*
             * @return std::vector<int64_t> containing 3 status values.
             *         The first is a boolean cast to an int, indicating
             *         whether the direct child node is empty, and should
             *         be deleted (with it's children re-inserted).
             *
             *         The second is a count of the number of children
             *         that were actually deleted by the remove call (which
             *         should really only ever be 1).
             *         The third is the number of child-nodes that had to be re-inserted to
             *         accomodate any deletion of any nodes.
             */
            std::vector<int64_t> remove(hash_type nodeHash, int64_t nodeData)
            {
                // Remove the matching hash. Insert any items that need to be re-added
                // into a deque for processing.
                return_deque ret_deq;
                auto rm_status = this->remove_internal(nodeHash, nodeData, ret_deq);


                int non_null_children = 0;
                for (size_t x = 0; x < this->children.size(); x += 1)
                    if (this->children[x] != NULL)
                        non_null_children += 1;

                // if the current node is empty, pull the first item from the new item list, and
                // set the current node to it's contained values.
                if (this->node_data_items.size() == 0 && ret_deq.empty() == false)
                {
                    assert(non_null_children == 0);

                    hash_pair new_root_content = ret_deq.front();
                    ret_deq.pop_front();
                    this->node_hash = new_root_content.first;
                    this->node_data_items.insert(new_root_content.second);
                }

                // Rebuild any tree leaves that were damaged by the remove operation
                // by re-inserting their contents.
                for (const hash_pair i: ret_deq)
                    this->insert(i.first, i.second);


                // Pack up the return value.
                std::vector<int64_t> ret;
                ret.push_back(1 ? std::get<0>(rm_status) : 0);
                ret.push_back(std::get<1>(rm_status));
                ret.push_back(std::get<2>(rm_status));

                return ret;

            }

            /**
             * @brief Search the tree for items within a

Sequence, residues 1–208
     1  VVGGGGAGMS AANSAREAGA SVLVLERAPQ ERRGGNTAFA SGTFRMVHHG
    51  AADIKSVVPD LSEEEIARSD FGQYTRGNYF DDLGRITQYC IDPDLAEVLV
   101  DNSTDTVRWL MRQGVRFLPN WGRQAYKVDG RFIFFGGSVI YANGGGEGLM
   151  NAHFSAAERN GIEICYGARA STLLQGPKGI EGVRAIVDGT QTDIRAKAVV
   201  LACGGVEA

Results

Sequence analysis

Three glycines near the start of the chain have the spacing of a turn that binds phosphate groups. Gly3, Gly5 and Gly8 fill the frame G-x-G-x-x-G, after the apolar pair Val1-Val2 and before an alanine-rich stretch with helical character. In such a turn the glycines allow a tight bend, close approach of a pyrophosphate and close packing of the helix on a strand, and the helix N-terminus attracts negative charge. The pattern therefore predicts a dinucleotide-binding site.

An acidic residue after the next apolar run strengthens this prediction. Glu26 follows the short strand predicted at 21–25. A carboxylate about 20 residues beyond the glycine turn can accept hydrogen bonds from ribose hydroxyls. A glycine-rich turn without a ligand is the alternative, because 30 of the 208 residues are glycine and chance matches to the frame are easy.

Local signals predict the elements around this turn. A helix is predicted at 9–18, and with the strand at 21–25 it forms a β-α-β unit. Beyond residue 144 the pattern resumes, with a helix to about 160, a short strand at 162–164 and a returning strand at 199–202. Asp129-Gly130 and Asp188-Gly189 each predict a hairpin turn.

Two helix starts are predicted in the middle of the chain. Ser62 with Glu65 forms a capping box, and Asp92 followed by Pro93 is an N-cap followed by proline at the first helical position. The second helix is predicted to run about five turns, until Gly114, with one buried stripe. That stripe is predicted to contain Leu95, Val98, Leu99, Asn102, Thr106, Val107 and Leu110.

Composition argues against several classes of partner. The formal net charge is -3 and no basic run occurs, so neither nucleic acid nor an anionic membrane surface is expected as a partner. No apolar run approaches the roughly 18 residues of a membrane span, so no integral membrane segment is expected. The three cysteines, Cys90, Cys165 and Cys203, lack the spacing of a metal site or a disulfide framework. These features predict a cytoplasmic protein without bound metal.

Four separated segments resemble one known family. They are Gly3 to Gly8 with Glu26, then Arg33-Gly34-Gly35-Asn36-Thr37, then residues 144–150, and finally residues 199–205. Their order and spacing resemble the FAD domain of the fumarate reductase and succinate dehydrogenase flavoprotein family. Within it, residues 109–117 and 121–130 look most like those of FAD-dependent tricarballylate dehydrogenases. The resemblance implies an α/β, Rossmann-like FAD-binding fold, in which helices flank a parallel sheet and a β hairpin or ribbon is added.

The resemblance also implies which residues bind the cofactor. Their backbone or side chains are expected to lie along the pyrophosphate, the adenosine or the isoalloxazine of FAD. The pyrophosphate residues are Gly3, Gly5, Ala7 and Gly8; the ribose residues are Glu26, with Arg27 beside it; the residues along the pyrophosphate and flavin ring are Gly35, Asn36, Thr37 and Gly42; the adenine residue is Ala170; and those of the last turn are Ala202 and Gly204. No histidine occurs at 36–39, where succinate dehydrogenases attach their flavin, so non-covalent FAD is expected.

*        certain distance of a specified hash.
             * @details Searches the tree recursively for
             *          all items within a specified hamming distance
             *          of the passed parameter.
             *
             * @param baseHash Hash-value to find items similar to.
             * @param distance Maximum allowed Hamming distance between
             *                 the specified hash and returned
             *                 similar values.
             *
             * @return std::pair<std::set<int64_t>, int64_t>, where the
             *         first item is a set of item_id values for each matched
             *         similar items, and the second value is the number
             *         of tree nodes the search had to touch to return
             *         the first value (for diagnostic purposes).
             */
            search_ret search(hash_type baseHash, int distance)
            {
                search_ret ret;
                ret.second = 0;
                this->search_internal(baseHash, distance, ret);
                return ret;
            }

            /**
             * @brief Get all items in tree
             * @details Fetches all contained items in the tree into
             *          a `return_deque` passed by reference.
             *          This is a non-destructive operation, it makes no changes to the
             *          tree.
             *
             * @param ret_deq Reference to a deque<hash_pair>, where has_pair is
             *                a std::pair<hash_type, int64_t> containing the item hash
             *                and the item id respectively.
             */
            void get_contains(return_deque &ret_deq)
            {
                // For each item the node contains, push it back into the dequeu
                for (const int64_t i : this->node_data_items)
                    ret_deq.push_back(hash_pair(this->node_hash, i));

                // Then, iterate over the item's children.
                for (const auto val : this->children)
                    if (val != NULL)
                        val->get_contains(ret_deq);

            }



    };